Thank you for the really short time to comment on the FSIS Notice, FSIS Actions Concerning Suppliers
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Thank you for the really short time to comment on the FSIS Notice, FSIS Actions Concerning Suppliers

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3 Pages
English

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th655 15 Street, N.W. Washington, DC 20005-5701 Tel: (202) 452-8444 Fax: (202) 429-4519 E-mail: fmi@fmi.org Web site: www.fmi.org December 23, 2002 Food and Drug Administration Dockets Management Branch (HFA-305) 5630 Fishers Lane Room 1061 Rockville, Maryland 20852 Re: Docket No. 02N-0417: Proposed Rule – Patent Listing Requirements and Application of 30-month Stays on Approval of Abbreviated New Drug Applications Dear Sir or Madam: The Food Marketing Institute (FMI) respectfully submits the following comments in response to the Food and Drug Administration’s (FDA’s) proposed rule to amend its patent listing requirements for new drug applications and the 30-month stay provisions under the Drug Competition and Patent Term Restoration Act of 1984 (Hatch-Waxman Amendments) to the Federal Food, Drug and Cosmetic Act. 67 Fed. Reg. 65448 (Oct. 4, 2002). For your information, FMI is a non-profit association that conducts programs in research, education, industry relations and public affairs on behalf of its 2,300 members and their subsidiaries. Our membership includes food retailers and wholesalers, as well as their customers, in the United States and around the world. FMI’s domestic member companies operate approximately 26,000 retail food stores with a combined annual sales volume of $340 billion, which represents three-quarters of all grocery store sales in the United States. Some 3.5 million individuals are ...

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655 15
th
Street, N.W.
Washington, DC 20005-5701
Tel: (202) 452-8444
Fax: (202) 429-4519
E-mail:
fmi@fmi.org
Web site: www.fmi.org
December 23, 2002
Food and Drug Administration
Dockets Management Branch (HFA-305)
5630 Fishers Lane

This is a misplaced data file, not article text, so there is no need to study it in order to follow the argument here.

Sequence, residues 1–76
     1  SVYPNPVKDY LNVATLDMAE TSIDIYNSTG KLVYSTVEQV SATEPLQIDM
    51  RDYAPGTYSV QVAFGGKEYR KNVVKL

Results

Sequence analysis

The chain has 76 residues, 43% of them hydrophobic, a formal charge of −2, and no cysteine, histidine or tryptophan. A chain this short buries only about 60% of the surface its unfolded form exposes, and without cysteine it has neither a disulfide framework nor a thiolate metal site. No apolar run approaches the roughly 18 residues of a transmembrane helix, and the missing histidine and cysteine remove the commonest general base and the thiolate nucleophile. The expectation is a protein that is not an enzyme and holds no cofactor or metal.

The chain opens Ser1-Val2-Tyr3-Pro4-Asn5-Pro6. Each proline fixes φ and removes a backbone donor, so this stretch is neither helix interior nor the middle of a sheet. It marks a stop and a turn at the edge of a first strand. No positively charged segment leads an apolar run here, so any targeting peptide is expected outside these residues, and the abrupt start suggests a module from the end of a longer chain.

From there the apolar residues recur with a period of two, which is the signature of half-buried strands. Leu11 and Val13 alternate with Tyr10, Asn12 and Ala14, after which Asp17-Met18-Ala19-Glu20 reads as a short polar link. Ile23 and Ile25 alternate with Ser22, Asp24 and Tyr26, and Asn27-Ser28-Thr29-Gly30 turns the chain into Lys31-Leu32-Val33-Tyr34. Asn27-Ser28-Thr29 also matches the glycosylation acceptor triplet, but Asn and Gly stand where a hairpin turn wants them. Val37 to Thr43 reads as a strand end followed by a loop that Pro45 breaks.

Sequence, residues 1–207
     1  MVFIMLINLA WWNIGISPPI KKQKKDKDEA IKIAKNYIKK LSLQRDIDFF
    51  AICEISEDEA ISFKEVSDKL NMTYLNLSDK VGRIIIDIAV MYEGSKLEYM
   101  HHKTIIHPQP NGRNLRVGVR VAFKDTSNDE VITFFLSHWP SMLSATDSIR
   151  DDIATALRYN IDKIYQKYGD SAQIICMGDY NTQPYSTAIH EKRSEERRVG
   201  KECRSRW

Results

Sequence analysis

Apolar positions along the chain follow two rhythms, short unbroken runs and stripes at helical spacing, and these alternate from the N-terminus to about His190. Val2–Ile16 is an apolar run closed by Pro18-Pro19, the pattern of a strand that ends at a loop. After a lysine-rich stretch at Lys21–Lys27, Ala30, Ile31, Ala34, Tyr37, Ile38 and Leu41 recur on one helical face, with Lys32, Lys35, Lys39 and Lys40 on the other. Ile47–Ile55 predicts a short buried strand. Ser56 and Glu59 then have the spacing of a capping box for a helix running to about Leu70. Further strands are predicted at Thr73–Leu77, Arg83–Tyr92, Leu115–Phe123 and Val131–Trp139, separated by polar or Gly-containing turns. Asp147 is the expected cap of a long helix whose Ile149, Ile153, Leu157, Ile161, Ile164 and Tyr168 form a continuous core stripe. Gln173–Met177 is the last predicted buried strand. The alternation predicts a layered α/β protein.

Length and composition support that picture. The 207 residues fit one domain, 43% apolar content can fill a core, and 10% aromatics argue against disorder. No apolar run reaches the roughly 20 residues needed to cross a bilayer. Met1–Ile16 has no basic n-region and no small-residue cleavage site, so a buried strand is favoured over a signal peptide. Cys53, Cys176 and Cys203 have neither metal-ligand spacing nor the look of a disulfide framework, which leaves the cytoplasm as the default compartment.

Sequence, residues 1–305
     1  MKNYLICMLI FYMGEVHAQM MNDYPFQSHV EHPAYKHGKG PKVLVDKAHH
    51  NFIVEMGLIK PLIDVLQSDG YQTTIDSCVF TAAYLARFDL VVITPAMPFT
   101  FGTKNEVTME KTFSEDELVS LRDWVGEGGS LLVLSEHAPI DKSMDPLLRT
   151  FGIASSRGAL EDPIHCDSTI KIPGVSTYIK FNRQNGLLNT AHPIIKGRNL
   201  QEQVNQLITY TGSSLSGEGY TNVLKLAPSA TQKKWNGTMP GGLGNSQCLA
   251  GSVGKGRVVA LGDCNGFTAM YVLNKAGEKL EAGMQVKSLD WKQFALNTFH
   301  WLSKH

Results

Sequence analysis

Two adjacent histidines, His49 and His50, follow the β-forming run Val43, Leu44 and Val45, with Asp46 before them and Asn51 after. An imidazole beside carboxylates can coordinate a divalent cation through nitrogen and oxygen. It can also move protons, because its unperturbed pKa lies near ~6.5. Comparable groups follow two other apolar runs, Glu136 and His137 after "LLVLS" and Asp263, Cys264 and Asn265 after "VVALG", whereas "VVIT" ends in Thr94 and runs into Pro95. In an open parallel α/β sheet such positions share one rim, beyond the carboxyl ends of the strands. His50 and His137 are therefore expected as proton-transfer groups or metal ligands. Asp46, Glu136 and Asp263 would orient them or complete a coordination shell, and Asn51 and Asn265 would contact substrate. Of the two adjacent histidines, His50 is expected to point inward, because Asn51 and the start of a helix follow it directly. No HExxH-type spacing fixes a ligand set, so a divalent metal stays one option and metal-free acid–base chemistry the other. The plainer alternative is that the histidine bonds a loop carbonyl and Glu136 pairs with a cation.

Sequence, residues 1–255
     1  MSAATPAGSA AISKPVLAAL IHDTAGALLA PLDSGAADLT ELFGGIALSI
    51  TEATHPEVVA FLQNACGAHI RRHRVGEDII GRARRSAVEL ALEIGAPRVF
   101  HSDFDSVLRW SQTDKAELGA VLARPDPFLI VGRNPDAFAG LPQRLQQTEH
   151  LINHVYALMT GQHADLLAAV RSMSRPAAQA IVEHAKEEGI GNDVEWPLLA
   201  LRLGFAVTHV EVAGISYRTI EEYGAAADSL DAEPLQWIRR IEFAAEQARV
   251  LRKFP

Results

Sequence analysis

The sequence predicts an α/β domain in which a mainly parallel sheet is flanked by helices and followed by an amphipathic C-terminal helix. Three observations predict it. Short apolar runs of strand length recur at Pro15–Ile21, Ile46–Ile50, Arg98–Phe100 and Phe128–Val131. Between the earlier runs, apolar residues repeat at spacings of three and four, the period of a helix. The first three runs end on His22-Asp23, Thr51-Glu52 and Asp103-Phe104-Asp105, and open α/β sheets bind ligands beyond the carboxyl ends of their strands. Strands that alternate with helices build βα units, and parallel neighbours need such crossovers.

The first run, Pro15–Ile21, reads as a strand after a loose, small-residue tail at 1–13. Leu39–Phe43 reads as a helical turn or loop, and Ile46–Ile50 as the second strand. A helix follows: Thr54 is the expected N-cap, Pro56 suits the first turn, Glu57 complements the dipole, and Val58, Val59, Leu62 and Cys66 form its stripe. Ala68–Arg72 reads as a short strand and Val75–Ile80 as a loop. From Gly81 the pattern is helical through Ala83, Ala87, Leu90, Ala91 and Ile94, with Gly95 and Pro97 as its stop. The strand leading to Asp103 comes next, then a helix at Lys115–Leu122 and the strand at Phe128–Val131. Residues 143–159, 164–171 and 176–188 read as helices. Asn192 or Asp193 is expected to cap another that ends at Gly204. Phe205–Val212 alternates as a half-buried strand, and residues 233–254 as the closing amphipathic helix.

Room 1061
Rockville, Maryland 20852
Re: Docket No. 02N-0417: Proposed Rule – Patent Listing Requirements
and Application of 30-month Stays on Approval of Abbreviated New
Drug Applications
Dear Sir or Madam:
The Food Marketing Institute (FMI) respectfully submits the following comments
in response to the Food and Drug Administration’s (FDA’s) proposed rule to amend its
patent listing requirements for new drug applications and the 30-month stay provisions
under the Drug Competition and Patent Term Restoration Act of 1984 (Hatch-Waxman
Amendments) to the Federal Food, Drug and Cosmetic Act. 67 Fed. Reg. 65448
(Oct. 4, 2002).
For your information, FMI is a non-profit association that conducts programs in
research, education, industry relations and public affairs on behalf of its 2,300 members
and their subsidiaries. Our membership includes food retailers and wholesalers, as well
as their customers, in the United States and around the world. FMI’s domestic member
companies operate approximately 26,000 retail food stores with a combined annual sales
volume of $340 billion, which represents three-quarters of all grocery store sales in the
United States. Some 3.5 million individuals are employed by FMI supermarket member
companies.
FMI’s retail members also operate close to 12,000 in-store pharmacy departments.
We estimate that supermarket pharmacies account for nearly 14 percent of all outpatient
prescription drugs dispensed in the United States. Based on current industry trends
toward larger store formats and the convenience of one-stop shopping, we anticipate that
Food and Drug Administration
December 23, 2002
Page 2
the number of pharmacies located in supermarkets will continue to increase in the coming
years, as will the number of prescriptions that are dispensed on an outpatient basis from
these community settings.
Because of the growing importance of pharmacy in the supermarket industry, and
recognizing that rising drug costs adversely affects all consumers who have prescription
drug needs, including patients that are covered under federal health care programs,
seniors with limited incomes, the underinsured and the uninsured, as well as employees